Kids’ smartwatches are designed to give peace of mind to parents, enabling them to keep an eye on their child’s location and ensure they stay safe.
However, an investigation by the Norwegian Consumer Council (NCC) of three such watches has revealed worrying security flaws and threats to a child’s privacy.
The NCC found that hackers could easily take control of the watches and use them to track a child’s location, eavesdrop on or communicate with them, or even trick the parents into thinking the watch was somewhere it was not.
Kids’ smartwatches usually have GPS and contain a Sim card, which transmits location data and other information over 2G. The parent downloads a companion app to their phone and they can then track the data, as well as access other features, such as setting a ‘geofenced’ safe area in which the child can play in, and get alerts if they move outside of that location.
The NCC asked a security firm, Mnemonic, to look at three watches that are also available in some form in the UK: the Gator, Xplora and SeTracker watches.
Mnemonic found that in just a few simple steps a stranger could seize control of the Gator and SeTracker watches, and then track, eavesdrop on and even communicate with the child.
More detail is available on each watch below.
The NCC has engaged with all three watch manufacturers with its findings. It has also shared the research with the Norwegian Data Protection Authority, who have in turn informed European data regulators.
Which? has also shared the report with the National Cyber Security Centre, the National Crime Agency, DCMS, BEIS and the ICO, all of which have an interest and role in tackling insecure devices as part of the Government’s Digital Charter, the Internet Safety Strategy and the forthcoming work technology security.
Responding to the research, Which? managing director of home products Alex Neill said: ‘Although these products are marketed at making children safer, parents will be shocked if they actually put them at risk because of shoddy security.
‘While there is no denying the huge benefits smart gadgets can bring to our daily lives, safety and security should be the absolute priority. If that can’t be guaranteed, then the products should not be sold.’
Gator 2 watch
The Gator watch, distributed in the UK by Techsixtyfour, has a combination of critical flaws in its account creation process that leaves it wide open to being compromised.
The NCC found that this attack does not require physical access to the watch and can be performed without the account owner knowing. Plus, the hacker would only need moderate technical knowledge.
After surreptitiously pairing their phone or tablet with the watch, the attacker can remotely access the current location of the watch and the location history. They can also edit and remove ‘geofenced’ areas and even send voice messages to the watch itself.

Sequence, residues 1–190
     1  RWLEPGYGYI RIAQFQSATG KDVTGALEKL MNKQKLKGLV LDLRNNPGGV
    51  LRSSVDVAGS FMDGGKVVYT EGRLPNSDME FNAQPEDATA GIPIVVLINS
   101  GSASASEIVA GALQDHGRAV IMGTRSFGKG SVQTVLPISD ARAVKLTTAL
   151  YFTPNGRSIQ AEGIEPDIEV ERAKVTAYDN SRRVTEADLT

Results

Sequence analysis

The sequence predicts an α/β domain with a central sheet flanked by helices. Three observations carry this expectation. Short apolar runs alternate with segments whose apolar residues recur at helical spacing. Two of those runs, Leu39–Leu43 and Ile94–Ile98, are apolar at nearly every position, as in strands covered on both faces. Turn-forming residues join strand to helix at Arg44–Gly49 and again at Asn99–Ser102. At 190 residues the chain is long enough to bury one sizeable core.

Using what is known as a ‘man-in-the-middle’ attack, a hacker can manipulate the Gator 2 to display false location data, effectively making the watch appear to be where it is not.
It is impossible to delete your information from the watch and therefore when someone opens a new account with it (say, if it was sold), they can see the previous user’s data. Techsixtyfour has since released the Gator 3 watch, but the NCC did not have time to fully test it for security flaws.
The Gator 2 watch was previously sold at John Lewis, but after we contacted the retailer it has since taken the item down from its website.
SeTracker is a family of watches under various individual brands that all use the same mobile app interface.
The NCC tested the Viksfjord, the version available in Norway, but a very similar watch is available in the UK, branded as Witmoving and sold on Amazon. The NCC is confident that most of its findings apply to all SeTracker family watches. Using a similar method as with the Gator 2, SeTracker watches have accounts that are vulnerable to being compromised.
SeTracker requires a registration code for pairing, but Mnemonic was able to reliably generate this code, enabling full pairing with the watch and access to its functionality. Just like the Gator, the SeTracker was vulnerable to location spoofing, plus Mnemonic was able to conduct a voice call hack, involving an attacker instructing the watch to call back to a specified number.
This effectively turns the device into a remote listening device, or alternately provides a means for an attacker to communicate directly with the child.
Findings for the Xplora watch weren’t as concerning in terms of vulnerabilities. However, while conducting the test, the NCC inadvertently accessed sensitive personal data belonging to other Xplora users, including location data, names, and phone numbers.
Due to the nature of this flaw, we can’t go into detail until it has been addressed by the company. Xplora has engaged with the NCC and wants to address the issue, but it is unclear whether this will be only for users in Norway.
Should you buy a kids’ smartwatch?
As we showed earlier in the year in our ‘hackable home’ investigation, any device, product or gadget that has a network element can theoretically be vulnerable to hackers. But that risk can increase exponentially if the manufacturer hasn’t paid attention to proper security.
This research is just a snapshot test of a handful of kids’ smartwatches, but it has exposed concerning vulnerabilities that should definitely not exist in a product used by children. We feel that any smartwatch, or indeed any other network-connected product, that doesn’t have adequate security against hackers and other online threats to your privacy, shouldn’t be on sale.
If you already have one of the watches on test here, we’d advise you to stop using it, turn it off and uninstall the app. If you’re looking to purchase a kids’ smartwatch in the future, it’s vital to do your research on both the watch and the manufacturer to ensure that proper security has been taken seriously.